Celebrating Native American Heritage Month in the Classroom

The rich ancestry and traditions of Native Americans will be celebrated in classrooms across the country this November for Native American Heritage Month.

Started by President Ronald Reagan during a week-long celebration in 1986, the month of November has been designated by every President since as a time to celebrate Native American heritage.

This year’s proclamation by President Joe Biden states: “Native American roots are deeply embedded in this land — a homeland loved, nurtured, strengthened, and fought for with honor and conviction. This month and every month, we honor the precious, strong, and enduring cultures and contributions of all Native Americans and recommit ourselves to fulfilling the full promise of our Nation together.”

In schools, students will learn about the accomplishments and contributions of Native Americans to society, as well as the many hardships endured as a people throughout the years.

Teachers are finding ways to bring music and dance, art and family traditions of American Indian and Alaska Native cultures into the classroom.

From the Open Up Resources teacher communities, we’ve heard how some educators are planning to incorporate Native American Heritage Month into their curriculum. Two Community Coaches share below:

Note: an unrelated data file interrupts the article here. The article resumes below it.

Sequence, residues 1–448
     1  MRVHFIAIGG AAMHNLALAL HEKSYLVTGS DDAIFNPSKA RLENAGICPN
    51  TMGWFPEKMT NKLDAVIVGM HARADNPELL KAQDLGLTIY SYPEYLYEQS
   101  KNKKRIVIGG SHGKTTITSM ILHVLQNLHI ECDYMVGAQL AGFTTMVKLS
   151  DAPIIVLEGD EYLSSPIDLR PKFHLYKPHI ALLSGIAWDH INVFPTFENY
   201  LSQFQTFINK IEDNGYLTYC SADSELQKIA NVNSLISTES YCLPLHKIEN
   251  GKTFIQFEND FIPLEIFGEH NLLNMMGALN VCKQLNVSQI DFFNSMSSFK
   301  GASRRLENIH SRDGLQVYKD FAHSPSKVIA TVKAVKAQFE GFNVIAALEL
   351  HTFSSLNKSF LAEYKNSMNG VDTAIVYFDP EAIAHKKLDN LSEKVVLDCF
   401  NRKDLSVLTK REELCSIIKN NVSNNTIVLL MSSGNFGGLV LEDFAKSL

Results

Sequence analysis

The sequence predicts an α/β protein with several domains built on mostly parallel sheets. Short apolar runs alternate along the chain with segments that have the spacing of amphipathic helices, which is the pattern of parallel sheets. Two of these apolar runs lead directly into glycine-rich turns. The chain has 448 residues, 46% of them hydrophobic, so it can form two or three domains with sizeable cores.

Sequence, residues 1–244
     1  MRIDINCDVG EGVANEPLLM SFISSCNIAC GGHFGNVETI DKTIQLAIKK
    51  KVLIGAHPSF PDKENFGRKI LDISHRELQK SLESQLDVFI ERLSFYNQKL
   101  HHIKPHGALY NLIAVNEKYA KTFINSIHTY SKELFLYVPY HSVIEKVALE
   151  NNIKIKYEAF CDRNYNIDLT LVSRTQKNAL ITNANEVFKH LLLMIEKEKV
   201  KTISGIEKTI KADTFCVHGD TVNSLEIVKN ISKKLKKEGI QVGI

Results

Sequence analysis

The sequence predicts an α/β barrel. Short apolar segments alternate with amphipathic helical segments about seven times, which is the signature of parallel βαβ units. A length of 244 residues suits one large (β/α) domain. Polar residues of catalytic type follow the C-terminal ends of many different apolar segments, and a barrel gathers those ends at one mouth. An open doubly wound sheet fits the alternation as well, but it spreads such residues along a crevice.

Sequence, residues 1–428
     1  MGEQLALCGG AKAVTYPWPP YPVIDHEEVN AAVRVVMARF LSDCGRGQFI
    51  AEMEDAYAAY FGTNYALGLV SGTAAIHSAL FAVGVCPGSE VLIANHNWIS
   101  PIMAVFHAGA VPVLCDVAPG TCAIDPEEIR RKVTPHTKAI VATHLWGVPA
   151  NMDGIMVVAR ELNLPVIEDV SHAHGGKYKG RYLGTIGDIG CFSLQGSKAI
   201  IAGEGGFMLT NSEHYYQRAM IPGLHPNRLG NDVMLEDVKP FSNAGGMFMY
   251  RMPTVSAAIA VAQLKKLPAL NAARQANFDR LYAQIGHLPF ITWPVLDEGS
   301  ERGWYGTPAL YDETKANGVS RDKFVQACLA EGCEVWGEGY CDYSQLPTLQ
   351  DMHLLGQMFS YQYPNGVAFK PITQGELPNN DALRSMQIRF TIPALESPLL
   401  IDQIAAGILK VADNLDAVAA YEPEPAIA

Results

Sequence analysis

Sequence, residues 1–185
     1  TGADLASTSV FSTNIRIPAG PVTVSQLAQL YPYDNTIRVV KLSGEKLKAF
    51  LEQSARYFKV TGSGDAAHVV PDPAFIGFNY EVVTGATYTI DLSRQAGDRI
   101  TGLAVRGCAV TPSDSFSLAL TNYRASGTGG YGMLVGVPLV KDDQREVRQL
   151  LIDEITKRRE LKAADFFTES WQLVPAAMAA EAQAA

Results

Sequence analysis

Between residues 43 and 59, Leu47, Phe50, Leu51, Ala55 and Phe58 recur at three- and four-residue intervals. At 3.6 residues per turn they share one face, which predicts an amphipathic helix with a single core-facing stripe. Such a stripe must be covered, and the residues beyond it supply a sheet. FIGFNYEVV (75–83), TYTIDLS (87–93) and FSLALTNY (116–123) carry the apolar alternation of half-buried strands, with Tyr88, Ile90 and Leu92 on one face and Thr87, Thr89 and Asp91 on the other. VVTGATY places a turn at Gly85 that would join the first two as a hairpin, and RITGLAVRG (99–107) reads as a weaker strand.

“Our school is celebrating and honoring Native Americans during our morning meetings, in which we have a google slide show that all staff will contribute to about Native American History. The slide shows will have information, short biographies, read aloud books and/or videos about Native American people and culture. I am planning to add a craft activity to do with my class. Students will learn the meanings and culture of totem poles, animal meanings and traditions.” 

- Theresa Wills

“In my classroom, we read the new book Fry Bread: A Native American Family Story. It is a bilingual book using Navajo-English and Ojibwe-English. It describes a Native American dish that is able to be shared among family and friends. The students loved the beautiful and vibrant illustrations!” 

- Iysha Dent

How will your school participate in sharing Native American ancestry, traditions and contributions this month? Let us know on Twitter @openupresources.